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Why must the alkyl halide be sp3 hybridized with respect to the carbon connected to the halogen for the alkylation to occur?

Why, for example, can't we use acetylide with a bromine substituted for hydrogen on one side in conjunction with aluminum tribromide to alkylate benzene?

If anything this seems to be more favorable as an sp carbocation is likely less stable than an sp3 carbocation.

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    $\begingroup$ You can do this. As @jerepierre has noted the intermediates involved are higher in energy and consequently more reactive once generated. But under controlled conditions the reaction does work. You just need to use a stronger lewis acid than an aluminum trihalide. Google "Friedel Crafts alkenylation". $\endgroup$ – ron Jan 31 '15 at 17:34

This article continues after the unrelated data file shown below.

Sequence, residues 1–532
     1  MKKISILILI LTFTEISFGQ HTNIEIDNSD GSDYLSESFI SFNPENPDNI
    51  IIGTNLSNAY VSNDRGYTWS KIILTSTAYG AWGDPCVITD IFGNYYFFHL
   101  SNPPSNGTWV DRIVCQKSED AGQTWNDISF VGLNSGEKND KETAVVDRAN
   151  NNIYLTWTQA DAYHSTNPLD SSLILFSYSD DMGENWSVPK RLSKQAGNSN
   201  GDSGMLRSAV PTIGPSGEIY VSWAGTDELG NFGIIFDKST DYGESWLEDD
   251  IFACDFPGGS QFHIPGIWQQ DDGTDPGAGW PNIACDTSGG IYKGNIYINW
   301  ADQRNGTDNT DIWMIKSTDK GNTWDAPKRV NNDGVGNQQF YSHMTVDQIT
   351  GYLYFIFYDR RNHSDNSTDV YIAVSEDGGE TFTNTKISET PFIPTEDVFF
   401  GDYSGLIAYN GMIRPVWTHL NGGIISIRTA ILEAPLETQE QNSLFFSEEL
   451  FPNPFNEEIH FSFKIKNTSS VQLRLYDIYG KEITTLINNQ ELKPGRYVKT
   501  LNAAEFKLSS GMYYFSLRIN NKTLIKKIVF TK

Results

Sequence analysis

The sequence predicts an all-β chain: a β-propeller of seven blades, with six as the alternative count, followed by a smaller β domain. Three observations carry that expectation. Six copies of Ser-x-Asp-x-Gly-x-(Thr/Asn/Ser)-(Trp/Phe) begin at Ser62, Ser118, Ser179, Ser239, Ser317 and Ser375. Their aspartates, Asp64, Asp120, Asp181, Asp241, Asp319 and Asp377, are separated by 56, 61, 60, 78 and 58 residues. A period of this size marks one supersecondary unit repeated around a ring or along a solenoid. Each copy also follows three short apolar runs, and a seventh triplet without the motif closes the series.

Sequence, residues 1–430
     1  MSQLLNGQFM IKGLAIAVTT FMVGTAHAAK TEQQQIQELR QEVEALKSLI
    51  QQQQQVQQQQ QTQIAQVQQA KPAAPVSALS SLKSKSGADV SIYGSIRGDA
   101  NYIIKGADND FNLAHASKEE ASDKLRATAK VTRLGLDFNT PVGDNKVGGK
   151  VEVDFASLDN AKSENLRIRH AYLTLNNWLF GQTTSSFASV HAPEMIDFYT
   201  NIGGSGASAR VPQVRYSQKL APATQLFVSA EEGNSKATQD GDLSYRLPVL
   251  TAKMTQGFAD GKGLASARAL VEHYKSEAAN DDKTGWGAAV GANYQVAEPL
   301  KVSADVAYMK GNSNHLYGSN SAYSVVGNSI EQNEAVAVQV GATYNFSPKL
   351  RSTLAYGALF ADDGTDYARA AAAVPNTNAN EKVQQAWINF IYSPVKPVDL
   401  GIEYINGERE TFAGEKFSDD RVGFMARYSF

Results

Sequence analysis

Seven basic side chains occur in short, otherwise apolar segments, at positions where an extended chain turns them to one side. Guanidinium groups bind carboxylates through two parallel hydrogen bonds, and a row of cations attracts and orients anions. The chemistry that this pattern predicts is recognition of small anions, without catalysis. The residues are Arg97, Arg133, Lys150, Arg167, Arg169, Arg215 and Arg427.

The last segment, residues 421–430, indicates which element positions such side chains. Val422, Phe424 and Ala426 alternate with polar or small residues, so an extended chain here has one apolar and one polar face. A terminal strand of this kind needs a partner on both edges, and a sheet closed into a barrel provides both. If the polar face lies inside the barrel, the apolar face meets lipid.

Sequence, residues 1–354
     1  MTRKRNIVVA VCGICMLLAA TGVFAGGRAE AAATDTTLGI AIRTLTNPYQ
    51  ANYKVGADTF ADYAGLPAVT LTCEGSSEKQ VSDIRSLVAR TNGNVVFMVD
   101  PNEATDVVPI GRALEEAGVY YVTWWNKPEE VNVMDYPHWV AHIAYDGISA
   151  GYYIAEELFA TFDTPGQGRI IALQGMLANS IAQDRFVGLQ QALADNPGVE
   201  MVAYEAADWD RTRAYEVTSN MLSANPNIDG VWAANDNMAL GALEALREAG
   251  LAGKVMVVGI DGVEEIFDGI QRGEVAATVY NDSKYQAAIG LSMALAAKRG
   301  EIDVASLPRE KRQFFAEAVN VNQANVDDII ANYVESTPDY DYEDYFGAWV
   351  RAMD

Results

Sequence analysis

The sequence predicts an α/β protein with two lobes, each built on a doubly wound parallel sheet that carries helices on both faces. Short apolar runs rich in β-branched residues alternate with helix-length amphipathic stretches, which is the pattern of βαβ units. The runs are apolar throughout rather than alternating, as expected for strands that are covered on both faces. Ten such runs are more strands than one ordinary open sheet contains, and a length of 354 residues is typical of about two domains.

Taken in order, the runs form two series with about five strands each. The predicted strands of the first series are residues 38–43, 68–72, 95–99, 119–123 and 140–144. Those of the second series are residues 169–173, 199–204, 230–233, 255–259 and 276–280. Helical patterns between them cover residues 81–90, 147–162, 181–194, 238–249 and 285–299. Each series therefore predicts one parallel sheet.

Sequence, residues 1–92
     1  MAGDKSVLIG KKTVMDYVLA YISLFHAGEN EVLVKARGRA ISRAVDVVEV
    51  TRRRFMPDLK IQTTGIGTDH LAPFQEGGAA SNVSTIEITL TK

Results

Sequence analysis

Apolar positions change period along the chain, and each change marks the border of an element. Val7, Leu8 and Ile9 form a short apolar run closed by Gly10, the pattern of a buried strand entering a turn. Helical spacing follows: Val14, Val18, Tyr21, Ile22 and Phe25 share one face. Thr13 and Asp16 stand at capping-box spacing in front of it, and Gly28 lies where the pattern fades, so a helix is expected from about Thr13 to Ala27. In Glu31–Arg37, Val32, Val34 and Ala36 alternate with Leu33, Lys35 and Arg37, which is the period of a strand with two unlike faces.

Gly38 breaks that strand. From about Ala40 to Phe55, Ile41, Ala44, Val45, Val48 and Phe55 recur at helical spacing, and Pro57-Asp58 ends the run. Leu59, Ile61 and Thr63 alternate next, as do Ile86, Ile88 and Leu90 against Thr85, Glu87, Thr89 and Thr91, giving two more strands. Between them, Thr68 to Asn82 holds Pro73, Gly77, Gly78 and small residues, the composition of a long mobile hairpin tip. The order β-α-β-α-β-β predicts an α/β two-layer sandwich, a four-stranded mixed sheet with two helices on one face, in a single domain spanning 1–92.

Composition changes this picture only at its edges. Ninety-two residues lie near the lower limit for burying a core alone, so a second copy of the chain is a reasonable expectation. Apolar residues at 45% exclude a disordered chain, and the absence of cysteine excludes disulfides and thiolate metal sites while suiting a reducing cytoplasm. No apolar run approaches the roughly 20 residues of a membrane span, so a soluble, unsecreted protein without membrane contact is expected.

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If anything this seems to be more favorable as an sp carbocation is likely less stable than an sp3 carbocation.

That's the problem, sp2 and sp hybridized carbocations are less stable than sp3. Those carbocations are difficult to form and will likely undergo rearrangement faster than attack of the aromatic ring.

Modern organic synthesis has much better ways of making sp-sp2 and sp2-sp2 carbon-carbon bonds by palladium catalyzed cross-coupling.

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    $\begingroup$ Here's another way to look at it. The Friedel-Crafts alkylation reaction may be an electrophylic substitution with respect to the aromatic compounds, but it is a nucleophilic substitution with respect to the alkyl halide ($\text{S}_{\text{N}}2$ for primary and $\text{S}_{\text{N}}1$ for secondary and tertiary halides), although the leaving group needs to be activated so the reaction can occur in nonpolar solution. Alkenyl and alkynyl halides do not work in FC reactions because they cannot be $\text{S}_{\text{N}}1$ substrates. $\endgroup$ – Ben Norris Jan 31 '15 at 15:12

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